Amy Jay has been studying music since the age of 6, when she started playing the violin. This youthful sophistication is readily apparent on her debut EP, Supposed to Be, best described as string enhanced, lyric driven indie folk pop (think early Sara Bareilles).
Produced by Jon Seale of Mason Jar music who has worked with the likes of Alicia Keys, Feist and Andrew Bird, Supposed to Be is soft and brightly nuanced. Jay’s voice is elegant and self assured, and the smooth production envelops us into her world with no complaint. Thoughtful and at times melancholy, the music manages to beguile us with earnestness. Listening to it feels like floating down a dreamy river, calmly propelled by the current.
Jay also has a knack for turns of phrase that invite us to examine something familiar with fresh eyes: “I am your porcelain laced with gold, easily broken, yours to behold,” she murmurs on “Fragile.” Her lyrics serve as metaphoric vessels that convey a feeling directly to the listener.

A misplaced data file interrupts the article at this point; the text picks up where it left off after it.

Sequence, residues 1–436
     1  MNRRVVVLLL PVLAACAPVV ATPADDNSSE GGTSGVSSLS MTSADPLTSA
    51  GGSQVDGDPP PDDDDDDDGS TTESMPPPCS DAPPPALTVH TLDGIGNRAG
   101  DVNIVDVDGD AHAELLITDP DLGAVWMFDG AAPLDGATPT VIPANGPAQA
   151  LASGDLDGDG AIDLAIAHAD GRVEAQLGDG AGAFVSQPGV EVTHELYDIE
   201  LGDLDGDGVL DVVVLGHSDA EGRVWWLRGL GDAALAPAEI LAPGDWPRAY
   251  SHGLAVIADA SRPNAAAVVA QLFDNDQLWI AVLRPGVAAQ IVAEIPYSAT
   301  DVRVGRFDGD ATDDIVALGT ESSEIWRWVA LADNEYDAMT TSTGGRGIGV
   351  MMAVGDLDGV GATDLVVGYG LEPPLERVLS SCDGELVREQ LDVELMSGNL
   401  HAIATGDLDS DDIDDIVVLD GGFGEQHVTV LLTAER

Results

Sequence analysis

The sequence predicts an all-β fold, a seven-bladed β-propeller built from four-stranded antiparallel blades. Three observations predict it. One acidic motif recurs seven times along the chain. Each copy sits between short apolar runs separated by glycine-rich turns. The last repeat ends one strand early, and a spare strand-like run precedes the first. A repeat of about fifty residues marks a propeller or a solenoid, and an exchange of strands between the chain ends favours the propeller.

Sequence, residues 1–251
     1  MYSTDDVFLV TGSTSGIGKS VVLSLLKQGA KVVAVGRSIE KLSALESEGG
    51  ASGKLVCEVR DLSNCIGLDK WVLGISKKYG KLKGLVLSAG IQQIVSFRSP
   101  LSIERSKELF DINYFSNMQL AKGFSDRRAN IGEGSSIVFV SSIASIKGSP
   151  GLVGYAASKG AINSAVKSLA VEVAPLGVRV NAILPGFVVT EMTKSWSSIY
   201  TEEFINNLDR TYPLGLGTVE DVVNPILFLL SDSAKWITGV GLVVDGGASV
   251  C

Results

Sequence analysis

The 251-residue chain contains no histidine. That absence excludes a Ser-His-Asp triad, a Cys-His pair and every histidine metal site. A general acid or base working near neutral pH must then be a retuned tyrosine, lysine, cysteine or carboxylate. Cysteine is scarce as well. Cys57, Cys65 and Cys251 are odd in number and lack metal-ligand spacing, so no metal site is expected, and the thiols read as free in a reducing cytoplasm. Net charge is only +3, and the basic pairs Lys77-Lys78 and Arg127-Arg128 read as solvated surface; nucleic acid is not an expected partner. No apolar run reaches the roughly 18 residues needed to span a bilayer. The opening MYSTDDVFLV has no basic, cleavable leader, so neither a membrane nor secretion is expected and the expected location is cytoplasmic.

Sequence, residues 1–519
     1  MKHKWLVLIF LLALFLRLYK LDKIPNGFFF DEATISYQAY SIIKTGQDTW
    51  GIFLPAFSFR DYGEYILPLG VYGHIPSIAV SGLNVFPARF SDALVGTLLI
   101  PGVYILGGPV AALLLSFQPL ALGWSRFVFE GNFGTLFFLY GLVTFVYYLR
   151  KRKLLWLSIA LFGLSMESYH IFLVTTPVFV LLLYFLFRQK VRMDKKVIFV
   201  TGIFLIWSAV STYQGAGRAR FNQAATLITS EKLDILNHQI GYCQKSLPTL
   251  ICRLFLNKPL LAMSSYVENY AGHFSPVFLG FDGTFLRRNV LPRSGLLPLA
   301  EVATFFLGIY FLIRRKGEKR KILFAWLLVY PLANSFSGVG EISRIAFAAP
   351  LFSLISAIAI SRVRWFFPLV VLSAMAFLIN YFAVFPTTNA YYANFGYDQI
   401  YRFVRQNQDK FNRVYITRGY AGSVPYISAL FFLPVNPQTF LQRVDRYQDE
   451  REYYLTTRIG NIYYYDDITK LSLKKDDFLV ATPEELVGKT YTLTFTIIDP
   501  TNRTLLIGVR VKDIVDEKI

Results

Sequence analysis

In the midst of the final track, “Miles,” just as I was starting to grow a tiny bit weary of the breathy folk vibe, something shifted. The internal rhythm of the track picked itself up and momentum began to build, while Jay repeated the line “miles and miles and miles away,” with a mesmerizing lilt. I was once again drawn inexorably into the current and my heart cracked a little when we reached the line: “We’ve always shared the same soul, it’s such a shame we’ll never get the chance to have it whole.”
Amy Jay is a promising, talented artist and has also been fortunate to partner with a producer who knows how to highlight her strengths. It’s no surprise that she has been featured on iTunes New Artist Spotlight and Spotify’s Fresh Finds: Six Strings.